Kennedy worried most over the appointment of a secretary of state. Reluctant to alienate any of his key Democratic constituencies, he settled on everyone's second choice, Dean Rusk. Rusk, a former Rhodes scholar from Georgia, was a professor of government and dean of faculty at Mills College in California, when, in 1940, he was ordered into active military service as an Army captain. He served initially in Washington as an intelligence analyst. With the advent of American involvement in World War II, Rusk left the capital for the headquarters of the China, Burma, and India theater of operations. The quality of the cables that the young staff officer sent to the War Department caught the eye of Army Chief of Staff George C. Marshall. General Marshall summoned Rusk to Washington, where he joined Col. George A. Lincoln's Strategy and Policy Group to help develop long-range politico-military contingency plans. In 1946 Rusk joined the State Department and, in 1950, became Secretary of State Dean Acheson's assistant for Far Eastern affairs. In 1952 he left the State Department to head the Rockefeller Foundation. During his years of government service, Rusk built a solid reputation for loyalty and trustworthiness within the Democratic establishment. The unprepossessing, introspective Rusk provided a conspicuous contrast to the confident, assertive McNamara. Lovett and Acheson had recommended Rusk enthusiastically, and, after a brief interview, Kennedy decided to appoint him.
Kennedy had considered McGeorge Bundy for secretary of state, but concluded that he was too young. In 1953, Bundy, at thirty-four, was appointed dean of Harvard University's Faculty of Arts and Sciences. His formative years were spent in the best schools of the NortheastGroton, Yale, Harvardand in association with some of the most influential people in the twentieth-century United States. He assisted Henry Stimson (William Howard Taft's secretary of war, Herbert Hoover's secretary of state, and Franklin Roosevelt's secretary of war) in the preparation of his memoirs. He also helped Dean Acheson prepare a collection of his personal papers for publication. Bundy was known for an abruptness and imperious demeanor with those he considered his intellectual inferiors, but he could also be effusive and engaging in a social setting. Kennedy chose him as special assistant for national security affairs (usually called national security adviser).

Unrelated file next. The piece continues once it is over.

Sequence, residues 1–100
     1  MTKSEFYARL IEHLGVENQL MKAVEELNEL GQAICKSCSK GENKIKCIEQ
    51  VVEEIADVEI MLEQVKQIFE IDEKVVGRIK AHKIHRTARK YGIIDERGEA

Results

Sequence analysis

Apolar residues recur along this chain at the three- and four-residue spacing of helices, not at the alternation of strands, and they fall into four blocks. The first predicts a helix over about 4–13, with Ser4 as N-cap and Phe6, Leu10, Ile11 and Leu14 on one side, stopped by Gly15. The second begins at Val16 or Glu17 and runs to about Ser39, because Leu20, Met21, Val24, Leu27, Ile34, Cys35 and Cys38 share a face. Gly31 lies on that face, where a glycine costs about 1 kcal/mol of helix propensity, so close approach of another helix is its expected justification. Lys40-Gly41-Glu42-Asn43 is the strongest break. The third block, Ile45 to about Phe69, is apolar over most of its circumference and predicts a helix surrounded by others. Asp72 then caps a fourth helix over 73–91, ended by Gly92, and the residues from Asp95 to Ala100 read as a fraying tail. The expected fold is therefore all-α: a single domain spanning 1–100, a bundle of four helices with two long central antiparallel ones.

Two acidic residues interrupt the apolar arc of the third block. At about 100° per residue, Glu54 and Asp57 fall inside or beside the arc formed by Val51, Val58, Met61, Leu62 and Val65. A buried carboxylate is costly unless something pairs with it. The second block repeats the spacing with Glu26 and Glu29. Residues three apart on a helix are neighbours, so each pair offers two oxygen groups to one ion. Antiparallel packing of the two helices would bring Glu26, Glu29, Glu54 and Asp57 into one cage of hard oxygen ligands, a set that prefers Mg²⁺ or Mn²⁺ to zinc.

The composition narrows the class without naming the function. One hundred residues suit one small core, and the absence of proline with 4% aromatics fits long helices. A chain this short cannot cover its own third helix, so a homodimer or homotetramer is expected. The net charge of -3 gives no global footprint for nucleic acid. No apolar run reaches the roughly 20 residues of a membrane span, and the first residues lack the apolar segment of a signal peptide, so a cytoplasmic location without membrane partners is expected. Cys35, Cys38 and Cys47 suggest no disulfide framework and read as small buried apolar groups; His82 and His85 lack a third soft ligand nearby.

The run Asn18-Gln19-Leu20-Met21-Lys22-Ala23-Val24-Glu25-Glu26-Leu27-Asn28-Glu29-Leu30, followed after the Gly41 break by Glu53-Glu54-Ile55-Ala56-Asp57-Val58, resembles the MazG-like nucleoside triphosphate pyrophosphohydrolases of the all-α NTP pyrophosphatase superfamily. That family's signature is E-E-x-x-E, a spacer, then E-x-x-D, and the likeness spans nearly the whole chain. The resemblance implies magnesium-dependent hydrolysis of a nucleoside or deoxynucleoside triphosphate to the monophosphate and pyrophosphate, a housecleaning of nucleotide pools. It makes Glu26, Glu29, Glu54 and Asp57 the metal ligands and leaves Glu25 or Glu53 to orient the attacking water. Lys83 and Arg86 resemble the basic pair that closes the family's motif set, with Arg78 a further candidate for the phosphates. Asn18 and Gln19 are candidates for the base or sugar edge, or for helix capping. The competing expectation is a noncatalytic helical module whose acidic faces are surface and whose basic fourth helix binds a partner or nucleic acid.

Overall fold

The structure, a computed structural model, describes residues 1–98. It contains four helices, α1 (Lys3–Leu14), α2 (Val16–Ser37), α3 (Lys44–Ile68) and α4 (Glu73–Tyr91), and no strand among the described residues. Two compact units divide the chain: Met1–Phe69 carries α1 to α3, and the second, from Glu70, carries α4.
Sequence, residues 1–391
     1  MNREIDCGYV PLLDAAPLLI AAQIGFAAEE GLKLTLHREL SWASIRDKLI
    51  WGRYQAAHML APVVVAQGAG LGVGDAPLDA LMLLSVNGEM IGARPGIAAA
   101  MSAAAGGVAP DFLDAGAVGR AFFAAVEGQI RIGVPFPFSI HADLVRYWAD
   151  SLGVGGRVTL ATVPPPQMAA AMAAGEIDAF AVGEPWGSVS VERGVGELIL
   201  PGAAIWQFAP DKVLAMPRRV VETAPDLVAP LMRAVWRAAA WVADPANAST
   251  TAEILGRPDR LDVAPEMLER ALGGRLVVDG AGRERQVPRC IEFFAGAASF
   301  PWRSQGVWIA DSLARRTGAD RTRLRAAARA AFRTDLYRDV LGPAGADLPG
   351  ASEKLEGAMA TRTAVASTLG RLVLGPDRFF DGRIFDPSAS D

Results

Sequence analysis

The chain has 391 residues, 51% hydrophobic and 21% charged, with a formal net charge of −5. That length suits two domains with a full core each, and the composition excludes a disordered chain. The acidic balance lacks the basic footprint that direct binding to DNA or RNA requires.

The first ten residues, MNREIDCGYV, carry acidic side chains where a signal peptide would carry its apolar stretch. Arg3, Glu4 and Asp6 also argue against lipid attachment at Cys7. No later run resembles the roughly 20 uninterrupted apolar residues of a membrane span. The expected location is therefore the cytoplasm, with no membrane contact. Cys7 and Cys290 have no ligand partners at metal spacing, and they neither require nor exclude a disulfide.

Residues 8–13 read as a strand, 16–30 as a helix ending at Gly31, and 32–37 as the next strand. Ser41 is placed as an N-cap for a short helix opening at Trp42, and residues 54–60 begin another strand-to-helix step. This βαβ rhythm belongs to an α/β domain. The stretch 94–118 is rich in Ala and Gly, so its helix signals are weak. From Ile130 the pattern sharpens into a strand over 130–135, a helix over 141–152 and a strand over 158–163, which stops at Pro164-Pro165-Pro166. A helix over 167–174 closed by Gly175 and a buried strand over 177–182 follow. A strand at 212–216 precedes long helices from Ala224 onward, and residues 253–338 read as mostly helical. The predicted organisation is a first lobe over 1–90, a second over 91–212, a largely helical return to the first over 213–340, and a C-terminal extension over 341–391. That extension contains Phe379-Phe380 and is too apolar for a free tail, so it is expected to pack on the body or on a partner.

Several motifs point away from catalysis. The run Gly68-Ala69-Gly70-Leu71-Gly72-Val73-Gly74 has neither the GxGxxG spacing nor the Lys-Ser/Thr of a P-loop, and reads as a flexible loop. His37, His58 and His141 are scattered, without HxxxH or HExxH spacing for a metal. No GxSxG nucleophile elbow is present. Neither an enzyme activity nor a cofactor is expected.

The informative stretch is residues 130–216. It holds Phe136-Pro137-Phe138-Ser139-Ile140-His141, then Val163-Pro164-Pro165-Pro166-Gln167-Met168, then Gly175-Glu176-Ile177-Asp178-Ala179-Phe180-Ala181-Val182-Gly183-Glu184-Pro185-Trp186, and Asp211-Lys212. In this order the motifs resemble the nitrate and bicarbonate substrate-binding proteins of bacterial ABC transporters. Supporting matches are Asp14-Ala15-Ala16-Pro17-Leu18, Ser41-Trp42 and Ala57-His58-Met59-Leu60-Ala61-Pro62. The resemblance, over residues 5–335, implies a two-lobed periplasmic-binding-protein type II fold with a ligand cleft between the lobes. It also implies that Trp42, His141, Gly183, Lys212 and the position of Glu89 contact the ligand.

Kennedy placed a premium on academic qualifications and superior intellect. McNamara, Rusk, and Bundy all shared distinguished academic backgrounds. Moreover Kennedy wanted men who shared his broad interests and could engage in wide-ranging, informal discussions. Perhaps the most important determining factor of each man's relative influence would be his ability to establish a close personal rapport with the president. Rusk, who preferred established procedures and protocol, had difficulty adjusting to the president's freewheeling style. Socially he remained distant from the president and was the only senior official Kennedy did not address by his first name. McNamara and Bundy would prove more adept at securing the president's confidence and affection.
The president's personal style influenced the way he structured the White House staff to handle national security decision making. Having no experience as an executive, Kennedy was unaccustomed to operating at the head of a large staff organization. He regarded Eisenhower's National Security Council (NSC) structure as cumbersome and unnecessary. Immediately after taking office, he eliminated the substructure of the NSC by abolishing its two major committees: the Planning Board and the Operations Coordinating Board (OCB). Kennedy resolved not to use the NSC except for the pro forma consultation required by the National Security Act of 1947. In place of the formal Eisenhower system, Kennedy relied on an ad hoc, collegial style of decision making in national security and foreign affairs. He formed task forces to analyze particular problems and met irregularly with an "inner club" of his most trusted advisers to discuss problems informally and weigh the advantages and disadvantages of potential courses of action.